Apollo missions gave humans just this chance in the late 1960s and early 1970s. In particular, the Apollo 15 mission was dedicated to better understanding the surface of the Moon by exploring mountains, valleys, maria, and highlands. Astronauts David Scott and James Irwin spent nearly three days on the Moon while Alfred Worden orbited above in the Command Module. The mission, which blasted off from Earth on 1971 July 26, was the first to deploy a Lunar Roving Vehicle. Pictured above in this digitally stitched mosaic panorama, David Scott examines a boulder in front of the summit of Mt. Hadley Delta. The shadow of James Irwin is visible to the right, while scrolling to the right will reveal a well-lit and diverse lunar terrain. The Apollo 15 mission returned about 76 kilograms of moon rocks for detailed study. In the future, NASA and other space agencies plan to continue to lead humanity's exploration of the Moon, Mars, and beyond.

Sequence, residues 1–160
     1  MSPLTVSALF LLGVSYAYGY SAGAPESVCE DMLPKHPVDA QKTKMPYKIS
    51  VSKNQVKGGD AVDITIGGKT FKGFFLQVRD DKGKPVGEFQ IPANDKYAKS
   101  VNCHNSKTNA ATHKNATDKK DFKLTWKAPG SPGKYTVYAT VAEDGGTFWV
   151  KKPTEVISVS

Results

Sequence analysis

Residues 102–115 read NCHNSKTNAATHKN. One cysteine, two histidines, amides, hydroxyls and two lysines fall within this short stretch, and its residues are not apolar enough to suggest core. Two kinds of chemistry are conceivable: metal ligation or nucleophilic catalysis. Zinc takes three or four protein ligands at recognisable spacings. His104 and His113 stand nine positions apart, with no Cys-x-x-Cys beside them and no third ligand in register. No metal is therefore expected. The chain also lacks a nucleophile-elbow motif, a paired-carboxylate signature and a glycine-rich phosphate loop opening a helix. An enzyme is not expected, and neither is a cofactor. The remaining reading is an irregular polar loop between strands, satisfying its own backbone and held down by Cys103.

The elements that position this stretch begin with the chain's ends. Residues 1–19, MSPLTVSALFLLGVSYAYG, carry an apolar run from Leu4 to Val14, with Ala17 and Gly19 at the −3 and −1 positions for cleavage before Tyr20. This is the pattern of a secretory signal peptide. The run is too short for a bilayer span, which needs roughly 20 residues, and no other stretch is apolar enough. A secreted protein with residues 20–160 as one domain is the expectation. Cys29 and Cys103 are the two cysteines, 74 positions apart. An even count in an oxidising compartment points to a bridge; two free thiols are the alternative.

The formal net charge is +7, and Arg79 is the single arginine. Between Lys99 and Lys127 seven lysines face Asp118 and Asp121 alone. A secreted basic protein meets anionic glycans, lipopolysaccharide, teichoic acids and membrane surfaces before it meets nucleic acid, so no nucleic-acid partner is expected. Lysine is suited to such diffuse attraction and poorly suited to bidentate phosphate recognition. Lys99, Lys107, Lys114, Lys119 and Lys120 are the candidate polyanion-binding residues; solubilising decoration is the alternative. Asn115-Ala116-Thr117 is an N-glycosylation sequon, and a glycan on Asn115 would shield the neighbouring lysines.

NASA Web Site Statements, Warnings, and Disclaimers
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A service of: LHEA at NASA / GSFC
& Michigan Tech. U.
Based on Astronomy Picture Of the Day
Publications with keywords: Apollo 15 - Moon
Publications with words: Apollo 15 - Moon